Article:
I Want My Kids to Be Drug Addicts

Lynn, our child’s babysitter, was a drug addict and her doctor told her that her brain scan was the same as that of an 80 year old man’s who had multiple strokes. Lynn was afraid to tell us she needed to take a few days off from watching Josie so she could go on Oprah to talk about her brain scan, drugs, sex, and whatever else. She was worried we would fire her and she had neglected to tell us some things when she was hired to babysit our one year old.

Lynn was great with Josie and we considered her part of the family. Mollie was coming along soon and Lynn would be babysitter for both kids.

(her book that came out several years later. Click on image for Amazon page for book)

She decided to tell us: she had been addicted to the drug, Ecstasy. She had been hospitalized. Her before and after brain scans were going to be on Oprah and it would be a mess to watch. And, finally, she would be sitting on the couch with Oprah and they would chat about it and reveal all. Lynn felt we should know all of this stuff before any of our neighbors told us.

She was coming out of the subway the day she decided to tell us when the subway got bombed by terrorists. Not only the subway but the two buildings, the World Trade Center, that were on top of the subway.

So everything got  delayed.

A week or so later she told us and then a week or so after that she was on Oprah. Here’s her brain scan:

Lynn chose herself to succeed. Nobody was going to give it to her. Her father was missing in action. She became an addict. She was a college drop-out. And things went from bad to worse when she had a mental collapse and found herself hospitalized.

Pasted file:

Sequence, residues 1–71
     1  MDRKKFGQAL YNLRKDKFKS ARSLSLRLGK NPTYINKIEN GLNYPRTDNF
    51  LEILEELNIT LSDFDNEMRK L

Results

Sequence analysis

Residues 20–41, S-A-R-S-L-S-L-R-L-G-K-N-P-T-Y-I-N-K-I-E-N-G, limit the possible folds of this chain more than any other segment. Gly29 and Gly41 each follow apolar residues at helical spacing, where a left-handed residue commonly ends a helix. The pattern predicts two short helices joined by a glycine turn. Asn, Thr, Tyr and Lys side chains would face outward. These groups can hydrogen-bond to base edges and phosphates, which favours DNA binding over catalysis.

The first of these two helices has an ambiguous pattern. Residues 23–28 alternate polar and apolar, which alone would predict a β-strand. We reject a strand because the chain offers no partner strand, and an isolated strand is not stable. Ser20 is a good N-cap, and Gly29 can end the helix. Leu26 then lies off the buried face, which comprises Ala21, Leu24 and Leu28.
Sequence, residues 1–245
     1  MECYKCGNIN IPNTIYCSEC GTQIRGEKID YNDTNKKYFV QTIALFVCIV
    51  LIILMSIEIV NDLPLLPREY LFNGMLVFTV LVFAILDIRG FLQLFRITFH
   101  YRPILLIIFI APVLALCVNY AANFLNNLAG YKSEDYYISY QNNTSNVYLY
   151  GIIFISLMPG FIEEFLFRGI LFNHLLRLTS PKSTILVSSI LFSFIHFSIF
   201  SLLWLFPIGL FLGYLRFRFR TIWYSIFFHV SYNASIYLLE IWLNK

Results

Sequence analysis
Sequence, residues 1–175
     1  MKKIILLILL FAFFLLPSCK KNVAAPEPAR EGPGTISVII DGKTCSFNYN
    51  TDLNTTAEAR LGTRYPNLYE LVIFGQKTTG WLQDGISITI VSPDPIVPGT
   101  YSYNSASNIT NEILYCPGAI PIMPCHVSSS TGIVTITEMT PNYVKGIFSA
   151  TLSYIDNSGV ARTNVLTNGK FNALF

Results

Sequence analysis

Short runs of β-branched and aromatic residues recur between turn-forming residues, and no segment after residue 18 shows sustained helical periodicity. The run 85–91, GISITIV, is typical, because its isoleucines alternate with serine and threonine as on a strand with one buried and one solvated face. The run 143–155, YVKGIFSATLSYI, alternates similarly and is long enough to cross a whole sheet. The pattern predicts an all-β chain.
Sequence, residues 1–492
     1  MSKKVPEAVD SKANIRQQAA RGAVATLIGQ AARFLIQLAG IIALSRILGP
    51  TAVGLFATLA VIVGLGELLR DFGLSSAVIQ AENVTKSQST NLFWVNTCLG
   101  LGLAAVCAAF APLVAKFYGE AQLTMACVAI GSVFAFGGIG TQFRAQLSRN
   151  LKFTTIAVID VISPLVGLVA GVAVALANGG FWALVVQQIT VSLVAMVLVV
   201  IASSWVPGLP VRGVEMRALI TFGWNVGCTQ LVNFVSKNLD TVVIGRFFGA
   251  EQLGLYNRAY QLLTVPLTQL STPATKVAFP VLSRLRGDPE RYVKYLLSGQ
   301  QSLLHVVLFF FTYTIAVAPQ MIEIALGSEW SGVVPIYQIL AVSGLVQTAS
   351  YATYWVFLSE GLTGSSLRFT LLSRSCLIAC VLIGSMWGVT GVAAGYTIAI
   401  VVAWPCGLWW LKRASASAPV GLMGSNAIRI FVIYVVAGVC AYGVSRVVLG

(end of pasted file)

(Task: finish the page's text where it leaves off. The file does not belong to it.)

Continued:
When she got out of the hospital she became Josie’s babysistter. She also decided she was going to use her experiences to help people.

She wrote to MTV and went on one of their shows to describe what happened to her. Oprah saw the show and then wanted Lynn on the Oprah Show. After Oprah, Lynn put together a book proposal about her addiciton.

It wasn’t the regular twelve step thing. “You have to love your addiction,” she told me. “You have to learn to accept it and learn to accept what it is inside of you that caused you the pain that leapt into that addiction. Only then can you deal with it. Everything is about acceptance.” The other day she told me, “We often hide the good, the pretty, the successful inside ourselves from the bad, the failure, the ugly. They have to unify else we get fragmented inside ourselves and we can’t accept who we are.”

She got a book deal. A great one. She was still Josie and Mollie’s babysitter for another 18 months. But then unfortunately she quit. She moved to California and finished the book. Probably a better choice for her then watching two little kids.  I highly recommend the book.